On Not Being Liked

I think a friend of mine is upset with me.

It’s unclear to me if perhaps this is the case or if perhaps I’m misinterpreting a number of signals. When his actions first shifted shortly after we were creating something together in a larger group, I asked him about it. In fact, because of his energy shift, I asked him several times in different, varying ways. I wasn’t confrontational. I attempted to be constructive. I kept it lighthearted. Then I let it go.

Recently, I saw him again. And either he’s always been someone who avoids eye contact and only answers in one word answers and I was only make-believing I’d both gotten eye contact and full sentences before or he’s recently shifted into someone who doesn’t prefer eye contact and only likes one word answers. Or, maybe, he’s mad at me. It’s excruciatingly hard to tell. His wife makes eye contact with me. She smiles. She answers things. But he has stopped and I don’t know what triggered it.

But I’m not going to spend any time trying to figure it out. Aside from the fact that I am only a passing acquaintance with this person and they’re nowhere near my inner circle, this is not something that I need to investigate. But more importantly, I’m not going to invest any energy figuring it out because, at my core, I don’t care.

Why not?

Two reasons that are my happy learning lessons from this current experience:

1. He’s a grown ass man.

He is allowed to have feelings. If I have wronged him somehow, which would have been done accidentally and (quite literally) while playing around, he could talk to me about it if he wanted to. He could have also reached out in any number of options I gave him when later discussing it lightly. If he doesn’t have the emotional capacity to do this, that’s not my problem. And if he wants to hold a grudge for something I’m absolutely not clear on, that’s also not my problem. How people choose to feel is up to them and them alone. It is not my problem.

2. I can’t please everybody.

This is actually the harder lesson for me.

I’m generally what people would describe as “likable.” I wear this like a superpower. I lean into it when I’m feeling insecure. I trust it when I’m in precarious situations. I enjoy having lots of friends in different groups. It’s a comfort blanket for me. And “likable” is only one shade away from “people pleaser.” And for a long time in my life, those two things went hand in hand.

So it has been a harder lesson to learn that I can’t please everybody. Even (and especially) if I’m just being myself and being true to myself. That doesn’t mean I go out of my way to upset people. And it doesn’t mean I’m not open to having conversations if lines are crossed. In fact, I’ve gotten really open to it. It’s part of how I continue to be my most authentic self. It doesn’t mean I’ll always listen or care what you say (that honor is reserved for very few people out of self preservation). But we can talk about any miscommunications. I can take notes and learn. I can be more aware.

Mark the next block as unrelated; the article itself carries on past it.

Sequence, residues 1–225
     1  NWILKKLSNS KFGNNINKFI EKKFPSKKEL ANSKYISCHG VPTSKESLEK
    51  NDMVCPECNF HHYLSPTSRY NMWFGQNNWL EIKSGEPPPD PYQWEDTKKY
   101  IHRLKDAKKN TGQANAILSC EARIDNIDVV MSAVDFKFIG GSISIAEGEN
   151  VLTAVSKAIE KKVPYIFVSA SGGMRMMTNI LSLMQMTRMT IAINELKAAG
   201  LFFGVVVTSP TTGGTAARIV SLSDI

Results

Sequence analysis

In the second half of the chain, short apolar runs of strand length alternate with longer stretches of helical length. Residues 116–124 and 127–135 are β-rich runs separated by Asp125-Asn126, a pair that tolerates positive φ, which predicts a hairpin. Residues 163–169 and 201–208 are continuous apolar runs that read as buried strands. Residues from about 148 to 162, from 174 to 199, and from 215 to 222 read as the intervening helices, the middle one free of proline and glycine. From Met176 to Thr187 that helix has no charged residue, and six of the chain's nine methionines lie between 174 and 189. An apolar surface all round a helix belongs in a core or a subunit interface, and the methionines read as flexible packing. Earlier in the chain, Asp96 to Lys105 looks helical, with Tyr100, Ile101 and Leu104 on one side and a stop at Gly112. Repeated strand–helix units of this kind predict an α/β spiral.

We can all always grow.

Even with all that, you simply cannot please everybody.

When I was in high school, I was generally liked. I remember senior year, there was this one girl who did not like me. It was a smaller school. We all knew each other. I tried my best to go out of my way to be liked. Even so, she probably had her valid reasons. And I didn’t have the emotional or self-awareness tools I now do to confront her. Not that it may have done any good anyway. Despite that, it bothered me. It deeply bothered me.

When someone used to not like me, I would obsess over it. I would wonder what I did wrong and how I could right it. My ego would get so heavily involved that either I would bend over backwards to make them love me and maybe go out of my way to befriend all their close friends so they can’t help but be swayed to get back on “Team Briana.” Or, if all was lost and it was hopeless, I would convince myself of all the reasons they’re a terrible and horrible person and nobody likes them so it’s okay that they don’t like me because they’re wrong.

But as I’ve grown and as I’ve worked on myself, I see all that as exhausting ego exercise. So with this current situation, I’ve decided to simply let it be.

He can feel however he’d like to feel. He can even bad mouth me for all I care. I’ve considered bringing it up yet again when I see him based on our last cold interaction. But the truth is, I don’t care. And, honestly, I could be wrong. Maybe I’ve caught him at off times and am reading the situation wrong.

Whatever the case, it’s not worth the energy. I will continue to like him. I will continue to enjoy his company. Hell, I’ll even pretend I don’t notice how cold he’s being. I won’t go out of my way to make him love me. And I won’t go out of my way to convince myself he’s a cranky immature brat. I’ll just leave him to be a complicated human with his own thoughts and emotions and trust that I’m enough just as I am.

Because the truth is, I like myself. And, at the end of the day, that’s the only person whose opinion I actually give a shit about.

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